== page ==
Remote Working: How to Listen Effectively
Why should you want to listen effectively?
The skill of listening, ensuring the messages you receive match the intentions of the sender and the sender knowing you have received them, is arguably one of the most powerful and most difficult skills to master. When you really listen to others, you connect with them and engage in rapport which is one of the most effective communication strategies. Studies show that effective listening produces three main results:
understanding or knowledge gain
relationship building / connection
a change in our feelings and attitudes
So being a good listener helps you be a better: friend, colleague, partner, helps you make better decisions and be both more effective and productive. When you are working remotely the skill of being a good listener doesn’t change but you may have to apply the skills in different ways.
‘How to’ tips
The following list describes some of the most important aspects to be considered when listening to others and how you may need to think about them differently in a remote setting.
Want to Listen: Almost all problems in listening can be overcome by having the right attitude. Remember, there is no such thing as disinteresting people – only disinterested listeners. If you are caught at a bad time by a request for a chat, sensitively ask if you can delay it to later on that day so you can be in the right frame of mind to listen. You also need to be able to listen to those whose personality you may not like, react to what is being said not the person.
Act Like a Good Listener: Be alert, sit straight, lean forward if appropriate; let your face radiate interest. If you can only have an audio conversation still try to practice these as it will help you to remain focused.
Leave your Emotions Behind: (where ever you can): Try to manage your worries, your fears, and your problems as they may prevent you from listening well.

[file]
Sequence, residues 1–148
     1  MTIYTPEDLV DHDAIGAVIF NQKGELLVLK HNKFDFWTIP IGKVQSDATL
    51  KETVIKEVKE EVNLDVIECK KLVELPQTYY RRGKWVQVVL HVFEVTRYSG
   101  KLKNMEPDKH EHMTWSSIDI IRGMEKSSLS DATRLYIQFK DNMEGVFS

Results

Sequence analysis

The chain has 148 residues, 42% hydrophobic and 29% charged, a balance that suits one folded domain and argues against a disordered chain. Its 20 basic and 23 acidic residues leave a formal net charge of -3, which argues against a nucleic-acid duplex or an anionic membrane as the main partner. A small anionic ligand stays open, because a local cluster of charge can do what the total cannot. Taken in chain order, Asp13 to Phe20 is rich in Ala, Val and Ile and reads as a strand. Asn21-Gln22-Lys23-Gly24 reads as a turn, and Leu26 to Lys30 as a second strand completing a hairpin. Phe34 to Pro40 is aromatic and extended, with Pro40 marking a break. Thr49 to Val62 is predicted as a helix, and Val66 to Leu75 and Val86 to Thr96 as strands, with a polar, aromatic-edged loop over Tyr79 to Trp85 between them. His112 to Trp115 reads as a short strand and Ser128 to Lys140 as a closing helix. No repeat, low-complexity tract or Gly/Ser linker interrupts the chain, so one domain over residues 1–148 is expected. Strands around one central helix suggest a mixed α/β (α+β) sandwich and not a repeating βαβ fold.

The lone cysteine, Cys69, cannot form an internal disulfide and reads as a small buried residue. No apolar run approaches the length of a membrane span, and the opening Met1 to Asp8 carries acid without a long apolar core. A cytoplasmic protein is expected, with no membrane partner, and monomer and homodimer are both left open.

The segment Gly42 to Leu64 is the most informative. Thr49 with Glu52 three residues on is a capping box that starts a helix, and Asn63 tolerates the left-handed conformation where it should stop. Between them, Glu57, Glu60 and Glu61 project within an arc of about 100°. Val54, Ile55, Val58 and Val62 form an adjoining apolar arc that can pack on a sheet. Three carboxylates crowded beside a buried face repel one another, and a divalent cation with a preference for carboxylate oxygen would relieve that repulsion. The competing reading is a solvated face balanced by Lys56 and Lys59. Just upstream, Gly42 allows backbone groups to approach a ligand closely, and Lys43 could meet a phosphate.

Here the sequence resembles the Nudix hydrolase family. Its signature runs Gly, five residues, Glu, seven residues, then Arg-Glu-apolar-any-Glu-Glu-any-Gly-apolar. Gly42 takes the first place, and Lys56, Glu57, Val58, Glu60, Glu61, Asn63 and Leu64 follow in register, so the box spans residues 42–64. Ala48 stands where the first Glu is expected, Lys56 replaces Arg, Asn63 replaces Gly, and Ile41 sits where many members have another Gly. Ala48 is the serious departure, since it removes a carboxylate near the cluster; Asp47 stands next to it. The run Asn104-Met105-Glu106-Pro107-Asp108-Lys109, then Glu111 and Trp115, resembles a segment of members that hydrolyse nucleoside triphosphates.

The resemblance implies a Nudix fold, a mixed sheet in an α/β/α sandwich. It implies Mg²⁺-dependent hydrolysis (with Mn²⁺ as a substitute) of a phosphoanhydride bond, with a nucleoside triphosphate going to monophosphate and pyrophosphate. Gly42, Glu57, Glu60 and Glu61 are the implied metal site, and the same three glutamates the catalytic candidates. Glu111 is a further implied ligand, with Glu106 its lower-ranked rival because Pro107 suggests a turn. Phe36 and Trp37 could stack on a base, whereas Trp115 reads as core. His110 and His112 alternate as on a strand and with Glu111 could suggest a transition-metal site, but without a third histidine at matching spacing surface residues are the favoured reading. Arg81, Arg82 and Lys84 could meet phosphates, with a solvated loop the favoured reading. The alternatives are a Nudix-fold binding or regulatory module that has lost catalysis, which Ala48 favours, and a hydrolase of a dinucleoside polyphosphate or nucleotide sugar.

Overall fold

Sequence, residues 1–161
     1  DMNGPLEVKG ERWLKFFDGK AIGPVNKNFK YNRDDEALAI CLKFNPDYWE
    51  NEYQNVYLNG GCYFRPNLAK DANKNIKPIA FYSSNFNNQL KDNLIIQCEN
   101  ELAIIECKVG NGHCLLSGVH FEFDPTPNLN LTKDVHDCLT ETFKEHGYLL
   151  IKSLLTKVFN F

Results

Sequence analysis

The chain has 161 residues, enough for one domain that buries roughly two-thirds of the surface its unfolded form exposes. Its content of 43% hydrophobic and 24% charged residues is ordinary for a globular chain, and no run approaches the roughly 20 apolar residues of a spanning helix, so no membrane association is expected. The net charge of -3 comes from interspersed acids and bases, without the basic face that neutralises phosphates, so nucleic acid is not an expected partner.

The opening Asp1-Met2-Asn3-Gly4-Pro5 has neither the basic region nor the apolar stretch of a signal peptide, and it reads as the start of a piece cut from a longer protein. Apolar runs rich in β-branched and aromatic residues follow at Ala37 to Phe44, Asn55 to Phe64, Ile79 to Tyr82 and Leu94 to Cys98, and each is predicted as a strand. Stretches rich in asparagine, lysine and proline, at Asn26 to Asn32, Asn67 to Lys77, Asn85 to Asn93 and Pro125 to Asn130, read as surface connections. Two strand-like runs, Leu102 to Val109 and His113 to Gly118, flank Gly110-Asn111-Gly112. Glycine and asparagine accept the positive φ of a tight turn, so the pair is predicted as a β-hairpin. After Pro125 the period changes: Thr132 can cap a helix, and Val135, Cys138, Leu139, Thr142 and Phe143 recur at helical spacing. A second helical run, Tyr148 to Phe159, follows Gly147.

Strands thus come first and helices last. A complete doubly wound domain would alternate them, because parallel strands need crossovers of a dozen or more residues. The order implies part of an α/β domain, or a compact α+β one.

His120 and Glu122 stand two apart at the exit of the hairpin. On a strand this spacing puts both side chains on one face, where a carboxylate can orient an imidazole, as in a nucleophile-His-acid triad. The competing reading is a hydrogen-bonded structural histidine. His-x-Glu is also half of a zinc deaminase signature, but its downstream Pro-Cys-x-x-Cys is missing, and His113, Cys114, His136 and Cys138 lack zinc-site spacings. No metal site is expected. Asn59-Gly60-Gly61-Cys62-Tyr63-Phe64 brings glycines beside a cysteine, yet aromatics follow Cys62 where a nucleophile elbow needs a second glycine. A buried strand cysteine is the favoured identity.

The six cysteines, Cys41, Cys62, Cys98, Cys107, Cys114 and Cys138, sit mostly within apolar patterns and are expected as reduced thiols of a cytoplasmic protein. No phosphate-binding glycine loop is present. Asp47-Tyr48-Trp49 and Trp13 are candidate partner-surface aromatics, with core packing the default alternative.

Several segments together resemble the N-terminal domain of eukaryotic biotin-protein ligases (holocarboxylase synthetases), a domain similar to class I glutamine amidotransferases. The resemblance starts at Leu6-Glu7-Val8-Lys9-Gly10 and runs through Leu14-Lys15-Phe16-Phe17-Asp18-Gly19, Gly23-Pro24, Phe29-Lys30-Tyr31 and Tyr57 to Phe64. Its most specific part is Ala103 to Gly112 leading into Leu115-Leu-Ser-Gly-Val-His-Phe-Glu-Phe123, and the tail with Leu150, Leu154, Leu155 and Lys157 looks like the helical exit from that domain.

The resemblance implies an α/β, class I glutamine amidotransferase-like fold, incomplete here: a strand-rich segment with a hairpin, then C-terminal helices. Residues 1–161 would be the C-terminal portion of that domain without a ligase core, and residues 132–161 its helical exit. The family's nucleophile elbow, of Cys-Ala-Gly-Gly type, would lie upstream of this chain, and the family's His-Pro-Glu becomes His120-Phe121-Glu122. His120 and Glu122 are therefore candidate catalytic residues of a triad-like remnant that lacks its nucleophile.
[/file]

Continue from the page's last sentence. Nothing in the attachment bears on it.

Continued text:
Get Rid if Distractions: Put down any papers, pencils, etc. you have in your hands, they may distract your attention. This can be harder if you are on an audio call as the temptation is to multi task, don’t, try and put as many distractions as you can out of your reach until your call is over and don’t respond to email, messages etc on the media you are using for the call.
Listen to Understand: Do not just listen for the sake of listening; listen to gain a real understanding of what is being said and how it is being said, if you don’t understand, ask for clarification. Concentrate on what the other person is saying: actively focus your attention on the words, the ideas and the feelings related to the subject. If you know the speaker doesn’t like speaking face to face when you are physically together bear this in mind when you are remote too, what medium will they feel most comfortable with in communicating with you?
Use the difference in rate: You can listen faster than anyone can talk, with most of us thinking about four times as fast as the average person speaks. Avoid the trap of “On-Off Listening”, don’t get distracted by thinking of your own personal affairs, concerns, or interests, use this time to your advantage by trying to stay on the right track and think back over what the speaker has said.
Don’t Argue Mentally: When you are trying to understand the other person, try not to argue mentally while you are listening, this sets up a barrier between you and the speaker.